On their way, the prince, fascinated by her beauty, fell in love with the girl. He did not want to give her up to the king of the demons, and so proposed to the Negro that they take her to his palace. But the Negro would not consent, for the king of the demons knew all about their doings, he said. So the prince gave up his plan on condition that the girl’s face be veiled.

When they arrived at the palace, the king of the demons gladly met them, and said to the prince, “Now you have fulfilled my wish. You may go back to your palace, and there you will find the diamond apartment unlocked for you.” The sorrowing prince turned his back and left the palace with heavy heart; for he no longer thought of the treasure of gold and diamonds, but had his whole soul centred in that beautiful maiden that he had given up to the king of the demons. He reached his own palace sad and dejected. Yet, to divert his mind from the thought of her, he went to the subterranean apartment; and there he found the last chamber unlocked.

After some hesitation, he went into the apartment. There he found two veiled figures, the one in the form of a king with his sceptre and crown; the other, a maiden. He unveiled the one with the crown, and was astounded to find the very same king of the demons. “Prince, unveil that figure,” said the king of the demons to him. The young king did so, and to his great joy saw the beautiful maiden he had lost his heart to. At once his sadness disappeared. Then the king of the demons said to the prince, “Young king, since on your way to my palace you fell in love with this maiden, I deem it fit that you should have her for your companion; but do not expect the diamond column any more.” Then the king of the demons disappeared. The prince at once embraced the maiden, and conducted her up to his palace. That same day their marriage was celebrated with pomp and luxury.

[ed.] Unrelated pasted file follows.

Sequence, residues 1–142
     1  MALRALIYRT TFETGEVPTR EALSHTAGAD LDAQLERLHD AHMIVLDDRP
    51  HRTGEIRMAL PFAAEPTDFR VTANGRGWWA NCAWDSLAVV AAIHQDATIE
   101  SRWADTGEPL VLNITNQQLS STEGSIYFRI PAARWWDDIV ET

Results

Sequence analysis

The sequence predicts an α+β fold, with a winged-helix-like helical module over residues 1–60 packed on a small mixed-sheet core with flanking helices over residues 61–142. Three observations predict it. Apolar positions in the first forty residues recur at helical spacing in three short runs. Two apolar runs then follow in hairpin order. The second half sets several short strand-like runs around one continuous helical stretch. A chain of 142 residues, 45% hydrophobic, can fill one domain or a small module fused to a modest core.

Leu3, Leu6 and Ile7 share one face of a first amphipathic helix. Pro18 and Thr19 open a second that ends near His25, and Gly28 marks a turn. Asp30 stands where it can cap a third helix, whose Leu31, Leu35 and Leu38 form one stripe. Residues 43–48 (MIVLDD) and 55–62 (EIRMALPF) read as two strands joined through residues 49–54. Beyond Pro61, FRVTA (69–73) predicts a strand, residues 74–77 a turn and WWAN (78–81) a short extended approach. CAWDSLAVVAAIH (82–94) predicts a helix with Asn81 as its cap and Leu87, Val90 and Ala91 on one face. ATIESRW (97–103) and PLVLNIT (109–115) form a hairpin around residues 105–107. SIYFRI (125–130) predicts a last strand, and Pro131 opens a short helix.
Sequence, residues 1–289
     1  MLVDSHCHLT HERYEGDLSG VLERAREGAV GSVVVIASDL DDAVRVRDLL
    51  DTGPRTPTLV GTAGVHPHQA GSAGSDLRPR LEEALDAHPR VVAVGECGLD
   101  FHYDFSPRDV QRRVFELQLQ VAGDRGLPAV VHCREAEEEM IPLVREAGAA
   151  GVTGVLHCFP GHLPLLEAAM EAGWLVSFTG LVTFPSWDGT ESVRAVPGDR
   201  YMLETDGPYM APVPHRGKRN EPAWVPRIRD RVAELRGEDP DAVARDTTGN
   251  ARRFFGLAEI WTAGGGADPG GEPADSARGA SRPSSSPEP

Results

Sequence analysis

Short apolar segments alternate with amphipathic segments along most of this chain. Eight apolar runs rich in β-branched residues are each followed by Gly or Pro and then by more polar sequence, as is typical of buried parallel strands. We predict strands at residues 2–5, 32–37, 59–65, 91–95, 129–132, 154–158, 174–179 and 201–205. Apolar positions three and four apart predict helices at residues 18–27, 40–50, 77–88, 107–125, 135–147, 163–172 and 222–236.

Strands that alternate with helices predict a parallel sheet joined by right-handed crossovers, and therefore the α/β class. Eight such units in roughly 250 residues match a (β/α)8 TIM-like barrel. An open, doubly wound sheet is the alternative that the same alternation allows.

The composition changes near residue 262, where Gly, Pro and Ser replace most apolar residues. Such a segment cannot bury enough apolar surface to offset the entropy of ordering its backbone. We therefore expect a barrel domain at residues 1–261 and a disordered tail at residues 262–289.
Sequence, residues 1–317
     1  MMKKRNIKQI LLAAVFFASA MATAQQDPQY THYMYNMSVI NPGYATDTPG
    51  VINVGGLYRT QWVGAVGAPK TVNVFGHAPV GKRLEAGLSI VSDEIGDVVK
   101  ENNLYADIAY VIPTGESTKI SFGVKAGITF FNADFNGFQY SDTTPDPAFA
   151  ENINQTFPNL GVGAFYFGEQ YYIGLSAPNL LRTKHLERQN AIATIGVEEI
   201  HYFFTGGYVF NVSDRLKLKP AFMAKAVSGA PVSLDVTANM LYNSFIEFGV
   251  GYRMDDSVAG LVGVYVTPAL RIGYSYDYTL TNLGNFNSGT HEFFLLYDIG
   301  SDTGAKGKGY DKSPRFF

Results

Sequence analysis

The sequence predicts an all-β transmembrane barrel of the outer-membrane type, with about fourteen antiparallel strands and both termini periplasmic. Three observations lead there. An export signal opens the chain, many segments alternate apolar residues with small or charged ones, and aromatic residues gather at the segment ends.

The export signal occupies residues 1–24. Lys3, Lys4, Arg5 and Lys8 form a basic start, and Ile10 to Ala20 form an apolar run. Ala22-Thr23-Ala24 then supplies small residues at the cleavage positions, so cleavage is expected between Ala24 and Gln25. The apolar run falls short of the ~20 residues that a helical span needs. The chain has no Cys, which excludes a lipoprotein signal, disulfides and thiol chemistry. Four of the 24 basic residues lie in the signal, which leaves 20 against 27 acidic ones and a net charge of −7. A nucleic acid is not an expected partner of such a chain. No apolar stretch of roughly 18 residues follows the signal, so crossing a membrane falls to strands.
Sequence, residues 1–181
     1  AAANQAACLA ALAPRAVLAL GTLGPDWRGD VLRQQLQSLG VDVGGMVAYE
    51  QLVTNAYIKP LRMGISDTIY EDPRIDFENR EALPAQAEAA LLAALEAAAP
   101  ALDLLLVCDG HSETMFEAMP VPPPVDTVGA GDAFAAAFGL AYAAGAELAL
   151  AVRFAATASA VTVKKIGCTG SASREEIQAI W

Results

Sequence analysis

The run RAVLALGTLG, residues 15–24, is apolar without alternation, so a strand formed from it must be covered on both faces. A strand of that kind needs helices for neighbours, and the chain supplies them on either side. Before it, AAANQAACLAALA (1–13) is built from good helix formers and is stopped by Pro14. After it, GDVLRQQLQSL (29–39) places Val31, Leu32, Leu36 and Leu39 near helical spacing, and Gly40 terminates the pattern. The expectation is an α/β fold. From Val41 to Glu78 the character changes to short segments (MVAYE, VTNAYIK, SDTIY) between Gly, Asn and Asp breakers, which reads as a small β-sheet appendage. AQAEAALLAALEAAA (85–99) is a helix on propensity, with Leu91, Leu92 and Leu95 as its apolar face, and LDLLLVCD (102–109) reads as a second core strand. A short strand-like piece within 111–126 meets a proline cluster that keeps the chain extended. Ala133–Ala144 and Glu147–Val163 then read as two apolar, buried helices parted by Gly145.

Dr. Franz Boas informs me that this story is from the “Arabian Nights,” “The Tale of Zayn Al-Asnam” (see Burton, Supplemental Nights,” iii, 3-38; for Clouston’s discussion of variants and analogues, ibid., 553-563).